Solyndra backers could reap big tax breaks; U.S. wants details

WASHINGTON, Tue Aug 28, 2012 – Two investment firms could walk away from the bankruptcy of solar panel maker Solyndra LLC with hundreds of millions of dollars in future tax breaks, the U.S. government said in court papers seeking more information on the arrangement.

Units of Argonaut Ventures and Madrone Partners could end up with “significantly more” than $500 million in tax benefits as part of Solyndra’s bankruptcy, the Department of Energy and the Internal Revenue Service said in a bankruptcy court filing on Friday.

Under the bankruptcy plan, the U.S. government is unlikely to recoup much of its $528 million loan to Solyndra.

The government agencies asked the U.S. Bankruptcy Court in Wilmington, Del., to reject Solyndra’s “disclosure statement,” which describes its plan to repay creditors, unless the company provides more details on the tax benefits.

Under the proposed plan, tax benefits such as “net operating losses” would be preserved for Argonaut, which is controlled by a foundation linked to billionaire George Kaiser, and Madrone. Under a 2011 restructuring, the two firms committed to investing $75 million to keep Solyndra afloat with the condition they would be repaid before the U.S. government.

“Argonaut and Madrone could potentially use Solyndra’s net operating losses to avoid hundreds of millions of dollars in future income taxes that they would owe on income generated by business ventures wholly unrelated to the debtors,” the government agencies said in the filing.

Ford will launch a refashioned MKZ sedan in the United States this year in a bid to attract younger, more affluent buyers. Much of the design, including push-button transmission, was influenced by Chinese consumer tastes.

“We’re trying to revitalize the Lincoln brand image and the sales and satisfaction image in the U.S.,” said Dave Schoch, chairman and CEO of Ford Motor China. “Here we have a clean sheet of paper. We don’t have the legacy issues.”

Despite slowing growth in new vehicle sales, China has already overshot the United States as the world’s largest auto market. By 2020, analysts expect luxury sales in the country will surpass those in the United States.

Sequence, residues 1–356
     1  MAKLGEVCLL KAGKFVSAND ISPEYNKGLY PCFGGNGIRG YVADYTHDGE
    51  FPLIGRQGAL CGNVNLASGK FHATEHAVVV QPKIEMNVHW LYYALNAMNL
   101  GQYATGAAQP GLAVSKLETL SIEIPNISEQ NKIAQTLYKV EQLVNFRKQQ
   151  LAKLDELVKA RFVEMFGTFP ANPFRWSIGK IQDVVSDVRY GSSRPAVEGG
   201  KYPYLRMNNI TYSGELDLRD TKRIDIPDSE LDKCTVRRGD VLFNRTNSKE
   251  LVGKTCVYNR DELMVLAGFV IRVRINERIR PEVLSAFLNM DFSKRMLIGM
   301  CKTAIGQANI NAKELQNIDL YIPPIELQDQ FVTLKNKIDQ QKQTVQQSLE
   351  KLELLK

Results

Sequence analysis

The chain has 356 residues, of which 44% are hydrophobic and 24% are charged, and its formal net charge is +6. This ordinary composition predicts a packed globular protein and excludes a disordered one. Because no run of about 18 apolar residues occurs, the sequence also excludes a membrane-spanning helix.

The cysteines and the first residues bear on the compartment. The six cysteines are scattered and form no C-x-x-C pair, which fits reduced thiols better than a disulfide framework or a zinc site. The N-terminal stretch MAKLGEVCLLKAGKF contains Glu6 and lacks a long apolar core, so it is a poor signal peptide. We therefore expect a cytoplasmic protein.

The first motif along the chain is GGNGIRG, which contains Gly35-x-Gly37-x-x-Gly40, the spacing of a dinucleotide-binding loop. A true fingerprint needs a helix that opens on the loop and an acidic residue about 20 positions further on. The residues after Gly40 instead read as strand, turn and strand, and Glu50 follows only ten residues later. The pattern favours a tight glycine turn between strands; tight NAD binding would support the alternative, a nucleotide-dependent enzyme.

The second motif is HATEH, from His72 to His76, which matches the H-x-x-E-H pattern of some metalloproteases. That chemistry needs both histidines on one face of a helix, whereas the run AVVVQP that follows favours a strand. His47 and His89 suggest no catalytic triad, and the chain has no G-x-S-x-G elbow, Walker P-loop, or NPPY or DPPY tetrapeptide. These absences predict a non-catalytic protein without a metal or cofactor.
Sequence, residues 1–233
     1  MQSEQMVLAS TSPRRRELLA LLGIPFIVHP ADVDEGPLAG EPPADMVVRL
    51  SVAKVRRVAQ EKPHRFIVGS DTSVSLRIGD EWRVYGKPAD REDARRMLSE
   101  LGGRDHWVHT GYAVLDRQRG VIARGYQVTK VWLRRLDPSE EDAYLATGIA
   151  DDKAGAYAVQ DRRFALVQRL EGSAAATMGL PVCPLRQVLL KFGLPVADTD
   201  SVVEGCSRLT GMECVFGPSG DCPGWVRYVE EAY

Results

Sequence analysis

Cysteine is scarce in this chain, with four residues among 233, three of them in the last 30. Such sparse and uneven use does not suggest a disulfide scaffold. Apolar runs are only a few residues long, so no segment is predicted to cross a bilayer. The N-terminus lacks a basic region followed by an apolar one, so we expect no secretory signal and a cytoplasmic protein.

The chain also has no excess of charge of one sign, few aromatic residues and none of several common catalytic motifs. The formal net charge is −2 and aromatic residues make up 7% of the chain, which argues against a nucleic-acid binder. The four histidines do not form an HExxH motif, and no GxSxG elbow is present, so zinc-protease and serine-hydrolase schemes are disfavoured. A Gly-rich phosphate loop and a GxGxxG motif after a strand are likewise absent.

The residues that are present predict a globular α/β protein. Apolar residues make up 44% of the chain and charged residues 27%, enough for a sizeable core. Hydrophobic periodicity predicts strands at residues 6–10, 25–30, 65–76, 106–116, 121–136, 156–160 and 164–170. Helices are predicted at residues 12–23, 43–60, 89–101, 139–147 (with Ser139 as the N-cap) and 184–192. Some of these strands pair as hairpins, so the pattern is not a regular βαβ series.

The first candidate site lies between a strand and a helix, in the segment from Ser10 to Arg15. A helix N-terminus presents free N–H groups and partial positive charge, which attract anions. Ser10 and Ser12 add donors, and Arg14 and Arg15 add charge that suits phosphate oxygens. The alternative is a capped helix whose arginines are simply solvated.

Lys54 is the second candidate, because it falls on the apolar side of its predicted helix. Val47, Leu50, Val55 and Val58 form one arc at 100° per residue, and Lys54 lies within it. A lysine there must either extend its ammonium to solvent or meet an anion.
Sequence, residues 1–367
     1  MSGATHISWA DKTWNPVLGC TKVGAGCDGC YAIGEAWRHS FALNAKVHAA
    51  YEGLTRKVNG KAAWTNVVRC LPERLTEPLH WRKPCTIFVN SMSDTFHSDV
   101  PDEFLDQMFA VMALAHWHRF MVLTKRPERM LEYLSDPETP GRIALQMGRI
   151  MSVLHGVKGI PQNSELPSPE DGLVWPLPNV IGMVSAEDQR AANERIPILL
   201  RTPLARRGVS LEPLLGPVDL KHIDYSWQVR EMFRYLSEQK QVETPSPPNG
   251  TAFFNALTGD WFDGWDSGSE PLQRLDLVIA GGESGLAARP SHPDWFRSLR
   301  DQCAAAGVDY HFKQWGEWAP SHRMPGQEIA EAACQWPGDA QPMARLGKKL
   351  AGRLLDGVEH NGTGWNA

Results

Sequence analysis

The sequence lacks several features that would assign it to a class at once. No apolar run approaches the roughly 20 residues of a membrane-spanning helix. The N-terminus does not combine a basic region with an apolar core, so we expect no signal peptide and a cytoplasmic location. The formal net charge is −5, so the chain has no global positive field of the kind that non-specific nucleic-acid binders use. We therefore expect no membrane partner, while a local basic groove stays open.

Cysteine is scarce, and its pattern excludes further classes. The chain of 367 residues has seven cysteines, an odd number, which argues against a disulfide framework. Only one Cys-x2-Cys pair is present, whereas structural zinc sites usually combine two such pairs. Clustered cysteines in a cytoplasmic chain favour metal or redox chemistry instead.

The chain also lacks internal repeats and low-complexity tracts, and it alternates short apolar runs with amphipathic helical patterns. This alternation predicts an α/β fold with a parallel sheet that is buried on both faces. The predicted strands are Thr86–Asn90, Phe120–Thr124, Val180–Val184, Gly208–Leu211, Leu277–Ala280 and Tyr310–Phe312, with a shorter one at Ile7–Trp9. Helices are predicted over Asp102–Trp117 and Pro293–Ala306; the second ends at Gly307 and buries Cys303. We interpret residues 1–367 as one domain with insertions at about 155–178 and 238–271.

By 2015, Ford aims to double its production capacity and dealers in China. Executives, including CEO Alan Mulally, flew to Ford’s manufacturing hub in Chongqing earlier this week to mark the groundbreaking of a third assembly plant.

Solyndra fails to garner turnkey bids for sale

WILMINGTON, Del. ― Solyndra LLC failed to attract any bids on Tuesday from buyers who could have restarted production, brought back some laid off staff and kept the bankrupt solar panel maker operating, according to a company adviser.

Solyndra, which owes more than $500 million to the U.S. government, has said a turnkey buyer is the best hope for getting the most money for the government and other creditors. However, no turnkey bids were submitted by a Tuesday deadline, said company adviser Eric Carlson of Imperial Capital LLC.

Court documents suggest that auctioneers who have already been retained will soon begin a piecemeal sale of the remaining production equipment and real estate.

Solyndra collapsed into bankruptcy in September, unable to compete with plummeting prices for solar panels. The company has been an ongoing political headache for President Barack Obama, who visited the company in 2010 to bolster his standing as a creator of renewable energy jobs.

Republican lawmakers are investigating possible favoritism in approving the government’s $535 million loan to the company, which counted among its investors George Kaiser, an Obama fundraiser.

A spokesman for Kaiser has said he did not discuss with the government the loan to Solyndra.

Separately, laid-off staff of Solyndra are fighting the company’s request to pay unnamed employees $500,000 in bonuses.

Solyndra asked for bankruptcy court approval for the payments earlier this month, saying the bonuses will ensure it can retain the 21 staff to complete tax filings and the sale of the company.

The bonus request has been opposed by the roughly 1,000 staffers that were laid off in August, when the company abruptly halted production.

The laid-off workers argued that until Solyndra discloses who is receiving the payments, the bonus request will appear “only to be in the best interests of senior management, the secured lenders and corporate insiders.”

Solyndra’s bankruptcy lawyer, Debra Grassgreen, did not return a call for comment.

Bankrupt panel maker Solyndra eyes fallback plan to sell machinery